Asset Prices When Agents are Marked-to-Market
"Risk management" in securities markets refers to the oversight of portfolio managers and professional traders when they trade on behalf of investors in security markets. Monitoring of their trading performance, profit and loss, and risk-taking behavior, is measured by principals using security market prices. We study the optimality of the practice of marking-to-market and provide conditions under which investing principals should optimally monitor their agent traders using market prices to measure traders' performance. Asset prices, however, can be affected by mark-to-market contracts. We show that such contracts introduce an externality when there are many traders. Traders may rationally herd, trading on irrelevant information. Ironically, this causes asset prices to be less informative than they would be without the mark-to-market feature.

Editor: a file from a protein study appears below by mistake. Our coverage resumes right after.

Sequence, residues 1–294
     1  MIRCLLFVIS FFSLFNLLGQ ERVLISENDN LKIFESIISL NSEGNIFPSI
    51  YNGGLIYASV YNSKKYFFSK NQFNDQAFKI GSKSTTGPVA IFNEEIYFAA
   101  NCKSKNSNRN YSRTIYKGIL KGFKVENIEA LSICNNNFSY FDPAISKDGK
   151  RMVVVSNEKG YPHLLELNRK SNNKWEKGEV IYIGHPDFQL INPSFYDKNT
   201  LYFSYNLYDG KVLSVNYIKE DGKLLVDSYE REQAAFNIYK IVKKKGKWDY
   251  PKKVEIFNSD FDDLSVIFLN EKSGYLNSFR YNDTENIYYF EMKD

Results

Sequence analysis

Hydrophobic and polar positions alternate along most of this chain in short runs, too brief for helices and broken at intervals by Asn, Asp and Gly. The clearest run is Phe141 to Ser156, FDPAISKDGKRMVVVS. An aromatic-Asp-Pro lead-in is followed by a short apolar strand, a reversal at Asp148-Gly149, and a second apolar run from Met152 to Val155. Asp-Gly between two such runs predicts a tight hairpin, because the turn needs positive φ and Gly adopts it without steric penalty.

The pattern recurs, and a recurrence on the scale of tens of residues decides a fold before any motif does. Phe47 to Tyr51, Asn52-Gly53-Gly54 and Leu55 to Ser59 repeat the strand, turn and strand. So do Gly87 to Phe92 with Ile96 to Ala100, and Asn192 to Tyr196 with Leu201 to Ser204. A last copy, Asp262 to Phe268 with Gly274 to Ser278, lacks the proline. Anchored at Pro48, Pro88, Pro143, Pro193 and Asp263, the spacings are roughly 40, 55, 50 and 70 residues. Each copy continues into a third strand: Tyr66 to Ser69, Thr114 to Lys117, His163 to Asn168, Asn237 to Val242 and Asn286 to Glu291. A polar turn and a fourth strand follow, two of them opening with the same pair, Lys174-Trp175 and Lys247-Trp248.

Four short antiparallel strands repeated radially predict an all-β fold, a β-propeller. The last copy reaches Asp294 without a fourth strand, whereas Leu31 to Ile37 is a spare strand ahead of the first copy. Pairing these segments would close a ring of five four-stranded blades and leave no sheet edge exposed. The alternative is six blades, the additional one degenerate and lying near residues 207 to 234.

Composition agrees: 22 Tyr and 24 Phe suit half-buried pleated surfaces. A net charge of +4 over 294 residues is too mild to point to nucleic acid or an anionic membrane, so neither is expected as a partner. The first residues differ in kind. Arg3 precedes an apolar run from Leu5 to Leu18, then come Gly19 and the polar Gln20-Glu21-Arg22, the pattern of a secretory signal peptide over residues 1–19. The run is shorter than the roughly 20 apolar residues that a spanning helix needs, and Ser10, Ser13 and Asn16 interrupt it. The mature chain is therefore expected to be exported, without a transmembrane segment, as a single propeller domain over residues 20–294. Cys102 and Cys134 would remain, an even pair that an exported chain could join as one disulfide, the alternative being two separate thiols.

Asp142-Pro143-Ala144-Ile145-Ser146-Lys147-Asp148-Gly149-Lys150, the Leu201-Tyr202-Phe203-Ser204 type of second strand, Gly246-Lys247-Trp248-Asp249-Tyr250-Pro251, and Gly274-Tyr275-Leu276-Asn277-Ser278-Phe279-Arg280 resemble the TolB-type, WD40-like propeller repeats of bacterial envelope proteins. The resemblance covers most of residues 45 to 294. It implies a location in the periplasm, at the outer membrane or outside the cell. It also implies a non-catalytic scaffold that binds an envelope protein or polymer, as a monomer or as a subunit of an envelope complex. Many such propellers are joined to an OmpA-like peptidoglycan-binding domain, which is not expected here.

Document Object Identifier (DOI): 10.3386/w12075
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